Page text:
Zero World, страница 1
Zero World is a work of fiction. Names, places, characters, and incidents either are the product of the author’s imagination or are used fictitiously. Any resemblance to actual persons, living or dead, events, or locales is entirely coincidental.
Copyright © 2015 by Jason Hough
Dire Earth copyright © 2014 by Jason Hough
All rights reserved.
Published in the United States by Del Rey, an imprint of Random House, a division of Penguin Random House LLC, New York.
DEL REY and the HOUSE colophon are registered trademarks of Penguin Random House LLC.
Dire Earth by Jason M. Hough was originally published in digital form by Del Rey, an imprint of Random House, a division of Penguin Random House LLC, in 2014.
Library of Congress Cataloging-in-Publication Data
Hough, Jason M.
Zero world / Jason M. Hough.
“Includes the complete bonus novella The Dire Earth, a prequel to the bestselling sci-fi adventure The Darwin Elevator.”
eBook ISBN 978-0-553-39127-5
1. Cyborgs—Fiction. 2. Space and time—Fiction. I. Title.
eBook ISBN 9780553391275
Book design by Liz Cosgrove, adapted for eBook
Cover design: David G. Stevenson
Cover photograph: © Gene Mollica
Part 1: Integrity Assured
Part 2: Stranger on the Inside
Part 3: Truth of Origin
Part 4: Reversion
The Dire Earth
By Jason M. Hough
About the Author
That’s where it started.
Or so they thought.
IN A LUXURIOUS FLAT overlooking Hyde Park the assassin’s mind reverted.
He lay on a stiff mattress in a dark room, naked between silk sheets, cool conditioned air gentle against his face, when the rewind occurred.
Time had just been taken from him. He knew this because he’d been exhaling, a slow, measured breath that suddenly and quite inhumanly changed to a sharp inhale. He’d prepared for this, but even with all his measures to reduce the effect, the moment of reversion always left him disoriented and more than a little nauseous.
The routine he’d developed over the last dozen years involved a careful arrangement of his environment and physical state so that when his mind suddenly lurched backward to the trigger moment, the similarities would far outweigh the changes. He always used the company flat. The same bed, the same sheets, the same pillow. Set the thermostat to exactly 20 degrees Celsius. Kill the lights, draw the curtains, and send his handler, Monique Pendleton, the message: I’m ready.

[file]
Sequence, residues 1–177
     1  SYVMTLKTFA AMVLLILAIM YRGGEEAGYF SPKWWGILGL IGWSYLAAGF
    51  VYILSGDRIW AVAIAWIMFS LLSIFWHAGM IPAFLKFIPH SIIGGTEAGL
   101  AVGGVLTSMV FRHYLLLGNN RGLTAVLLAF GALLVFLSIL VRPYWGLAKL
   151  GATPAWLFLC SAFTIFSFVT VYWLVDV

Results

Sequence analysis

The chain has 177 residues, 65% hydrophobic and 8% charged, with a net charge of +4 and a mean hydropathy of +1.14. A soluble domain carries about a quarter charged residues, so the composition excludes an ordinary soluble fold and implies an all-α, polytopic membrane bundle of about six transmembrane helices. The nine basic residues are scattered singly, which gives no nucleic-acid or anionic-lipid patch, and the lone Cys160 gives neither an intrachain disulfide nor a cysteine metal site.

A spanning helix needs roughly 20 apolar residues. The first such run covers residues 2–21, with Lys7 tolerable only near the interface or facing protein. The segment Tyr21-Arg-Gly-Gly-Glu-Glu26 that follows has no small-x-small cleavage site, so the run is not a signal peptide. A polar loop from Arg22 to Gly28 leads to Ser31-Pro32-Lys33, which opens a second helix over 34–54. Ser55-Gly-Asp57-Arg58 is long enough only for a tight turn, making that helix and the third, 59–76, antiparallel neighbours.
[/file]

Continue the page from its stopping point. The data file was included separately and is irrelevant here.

Then he’d lie down, face up, hands at his sides. As agent Peter Caswell waited for her to trigger the implant, he would silently recite an old song lyric. Not aloud, just in his head. It was his secret anchor. His bridge across time.
Speak the word
The word is all of us
Again and again he would recite the words until the reversion moment arrived. It never took long.
This ritual was key. Days ago had been the trigger moment. Monique would activate the implant from her perch a few hundred miles above, and he’d get up and dress and go off on some clandestine job. He’d conduct his particular business, and then return here, to this same exact room, and put everything back just the way it had been. Once again he’d send I’m ready. He’d lie down in the same position, and he would wait for reversion.
And so here he was. Mission over, brain chemically reverted to that same trigger instant despite the days that had passed. The first half of the lyric—Speak the word—front and center in his mind. A bridge over the memory gap. He crossed it, silently. The word is all of us.
Three or four days deleted. That was the average duration, and so a safe assumption. All memory of his deeds wiped away. Conscience cleared.
To jump ahead in time like this, as any drunk would know, can really fuck with the head. To trigger in a London office and revert in an alley in Cairo produced a sensation of disorientation and vertigo that bordered dangerously on the unbearable. Even to go from day to night, or one meal to something totally different, could leave one a vomiting wreck for hours.